Today, multiGPU nodes are widely used in high-performance computing and data centers. However, current programming models do not provide simple, transparent, and portable support for automatically targeting multiple GPUs within a node on application areas of array programming. In this paper, we describe a new application programming interface based on the Kokkos programming model to enable array computation on multiple GPUs in a transparent and portable way across both NVIDIA and AMD GPUs. We implement different variations of this technique to accommodate the exchange of stencils (array boundaries) among different GPU memory spaces, and we provide autotuning to select the proper number of GPUs, depending on the computational cost of the operations to be computed on arrays, that is completely transparent to the programmer. We evaluate our multiGPU extension on Summit (#5 TOP500), with six NVIDIA V100 Volta GPUs per node, and Crusher that contains identical hardware/software as Frontier (#1 TOP500), with four AMD MI250X GPUs, each with 2 Graphics Compute Dies (GCDs)for a total of 8 GCDs per node. We also compare the performance of this solution against the use of MPI + Kokkos, which is the cur-rent de facto solution for multiple GPUs in Kokkos. Our evaluation shows that the new Kokkos solution provides good scalability for many GPUs and a faster and simpler solution (from a programming productivity perspective) than MPI + Kokkos.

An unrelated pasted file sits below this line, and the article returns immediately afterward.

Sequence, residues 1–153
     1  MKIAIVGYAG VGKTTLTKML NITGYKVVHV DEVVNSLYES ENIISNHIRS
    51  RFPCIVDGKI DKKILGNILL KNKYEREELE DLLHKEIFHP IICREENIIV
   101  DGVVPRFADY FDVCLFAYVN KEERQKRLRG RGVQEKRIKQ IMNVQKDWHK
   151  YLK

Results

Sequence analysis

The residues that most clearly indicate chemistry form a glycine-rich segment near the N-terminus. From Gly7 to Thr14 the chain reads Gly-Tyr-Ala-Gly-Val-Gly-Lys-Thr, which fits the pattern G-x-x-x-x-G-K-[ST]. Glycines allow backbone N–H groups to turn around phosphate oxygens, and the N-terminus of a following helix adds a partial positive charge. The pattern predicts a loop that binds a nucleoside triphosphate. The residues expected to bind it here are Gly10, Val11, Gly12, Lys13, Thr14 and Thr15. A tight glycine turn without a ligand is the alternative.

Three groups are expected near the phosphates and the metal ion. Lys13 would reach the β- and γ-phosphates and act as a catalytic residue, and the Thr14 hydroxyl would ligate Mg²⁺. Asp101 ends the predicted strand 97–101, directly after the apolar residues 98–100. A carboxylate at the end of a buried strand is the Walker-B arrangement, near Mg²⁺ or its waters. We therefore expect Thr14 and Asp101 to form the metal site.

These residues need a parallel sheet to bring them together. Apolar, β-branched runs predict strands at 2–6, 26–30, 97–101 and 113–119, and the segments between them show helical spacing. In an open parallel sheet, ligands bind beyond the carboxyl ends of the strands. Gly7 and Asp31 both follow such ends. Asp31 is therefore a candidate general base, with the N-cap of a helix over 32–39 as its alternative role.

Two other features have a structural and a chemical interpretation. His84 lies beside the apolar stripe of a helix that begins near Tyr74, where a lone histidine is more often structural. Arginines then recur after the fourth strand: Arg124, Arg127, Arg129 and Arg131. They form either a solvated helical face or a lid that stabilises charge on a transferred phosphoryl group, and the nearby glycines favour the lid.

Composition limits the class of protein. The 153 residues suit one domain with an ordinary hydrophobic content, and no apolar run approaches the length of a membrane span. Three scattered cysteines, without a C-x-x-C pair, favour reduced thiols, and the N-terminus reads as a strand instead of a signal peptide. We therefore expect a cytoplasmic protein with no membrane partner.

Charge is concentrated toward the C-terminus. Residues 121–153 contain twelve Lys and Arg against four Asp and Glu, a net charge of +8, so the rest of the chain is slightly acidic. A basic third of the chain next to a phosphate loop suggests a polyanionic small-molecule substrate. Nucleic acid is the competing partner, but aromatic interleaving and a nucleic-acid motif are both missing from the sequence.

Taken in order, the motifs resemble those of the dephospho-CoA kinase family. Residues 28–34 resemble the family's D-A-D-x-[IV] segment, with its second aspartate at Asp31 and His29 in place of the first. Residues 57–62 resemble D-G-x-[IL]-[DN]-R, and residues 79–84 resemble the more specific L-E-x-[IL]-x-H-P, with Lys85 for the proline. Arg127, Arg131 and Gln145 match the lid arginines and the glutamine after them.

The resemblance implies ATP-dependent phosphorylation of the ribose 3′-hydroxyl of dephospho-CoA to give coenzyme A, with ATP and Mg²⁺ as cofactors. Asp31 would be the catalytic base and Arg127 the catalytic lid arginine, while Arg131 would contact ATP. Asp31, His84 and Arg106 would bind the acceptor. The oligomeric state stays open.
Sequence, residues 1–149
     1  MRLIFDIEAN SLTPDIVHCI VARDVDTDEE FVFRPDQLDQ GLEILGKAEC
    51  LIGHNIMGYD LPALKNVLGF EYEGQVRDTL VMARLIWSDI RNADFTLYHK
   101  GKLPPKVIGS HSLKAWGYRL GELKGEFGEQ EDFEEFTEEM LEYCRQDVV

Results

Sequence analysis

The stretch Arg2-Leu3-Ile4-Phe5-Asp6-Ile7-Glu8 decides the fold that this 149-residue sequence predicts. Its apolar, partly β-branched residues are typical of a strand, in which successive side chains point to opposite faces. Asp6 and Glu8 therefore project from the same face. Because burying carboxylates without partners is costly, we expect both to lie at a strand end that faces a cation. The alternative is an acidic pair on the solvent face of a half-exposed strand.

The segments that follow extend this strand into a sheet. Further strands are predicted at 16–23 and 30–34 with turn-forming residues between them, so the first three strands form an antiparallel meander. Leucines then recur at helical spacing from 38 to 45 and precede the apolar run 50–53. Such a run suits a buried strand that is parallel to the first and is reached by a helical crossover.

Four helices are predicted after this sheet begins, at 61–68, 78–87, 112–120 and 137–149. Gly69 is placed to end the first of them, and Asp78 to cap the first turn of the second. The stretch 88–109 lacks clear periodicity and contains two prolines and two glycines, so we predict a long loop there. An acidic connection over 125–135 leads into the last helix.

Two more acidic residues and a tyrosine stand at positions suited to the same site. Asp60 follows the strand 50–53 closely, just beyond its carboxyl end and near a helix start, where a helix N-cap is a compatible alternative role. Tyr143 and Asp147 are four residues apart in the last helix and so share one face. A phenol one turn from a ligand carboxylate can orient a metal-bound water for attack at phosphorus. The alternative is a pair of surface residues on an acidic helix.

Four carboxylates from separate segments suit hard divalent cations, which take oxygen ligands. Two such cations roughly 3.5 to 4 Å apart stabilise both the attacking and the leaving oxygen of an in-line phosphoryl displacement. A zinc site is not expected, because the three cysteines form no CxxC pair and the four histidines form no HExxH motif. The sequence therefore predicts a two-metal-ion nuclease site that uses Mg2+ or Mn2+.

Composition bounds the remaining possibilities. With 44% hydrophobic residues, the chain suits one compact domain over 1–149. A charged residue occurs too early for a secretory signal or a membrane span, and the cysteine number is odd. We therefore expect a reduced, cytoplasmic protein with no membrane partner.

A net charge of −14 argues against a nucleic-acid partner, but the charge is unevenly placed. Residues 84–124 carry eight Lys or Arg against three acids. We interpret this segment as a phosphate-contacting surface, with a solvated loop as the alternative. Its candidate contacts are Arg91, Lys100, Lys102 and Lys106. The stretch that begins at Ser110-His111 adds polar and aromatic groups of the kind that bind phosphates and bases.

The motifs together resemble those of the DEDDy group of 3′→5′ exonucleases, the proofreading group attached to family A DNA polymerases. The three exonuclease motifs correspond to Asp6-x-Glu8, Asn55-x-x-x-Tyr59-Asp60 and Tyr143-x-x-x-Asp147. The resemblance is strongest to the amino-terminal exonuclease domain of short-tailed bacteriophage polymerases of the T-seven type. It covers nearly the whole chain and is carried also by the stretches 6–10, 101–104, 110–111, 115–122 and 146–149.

HERO-ML is an array language, on very high level, which is intended for specifying data parallel algorithms in a concise and platform-independent way where all the inherent data parallelism is easy to identify. The goal is to support the software development for heterogeneous systems with different kinds of parallel numerical accelerators, where programs tend to be very platform-specific and difficult to develop. In this paper we describe HERO-ML, and a proof-of-concept implementation.

The APL notation would appear to be a clear match for convolutional neural networks, but traditional implementations of APL have lagged behind the performance of highly tuned, specialized frameworks designed to execute CNNs on the GPU. Moreover, most demonstrations of APL for neural networking have involved relatively small examples. We explore a more complex example in the U-net architecture and utilize a modern APL compiler with GPU support, Co-dfns, to compare the state of the art of APL against the current crop of specialized neural network frameworks in the form of PyTorch. We compare performance as well as the language design of APL for neural network programming and the clarity and transparency of the resulting code.

We found that the complete “from scratch” APL source was on par with the complexity of the PyTorch reference implementation, albeit more foreign, while being more concise and complete. We also found that when compiled with Co-dfns, despite the naïve implementation both of Co-dfns and our own code, performance on the GPU and the CPU were within a factor of 2.2 - 2.4 times that of the PyTorch implementation. We believe this suggests significant avenues of future exploration for machine learning language design, pedagogy, and implementation, both inside and outside of the APL community.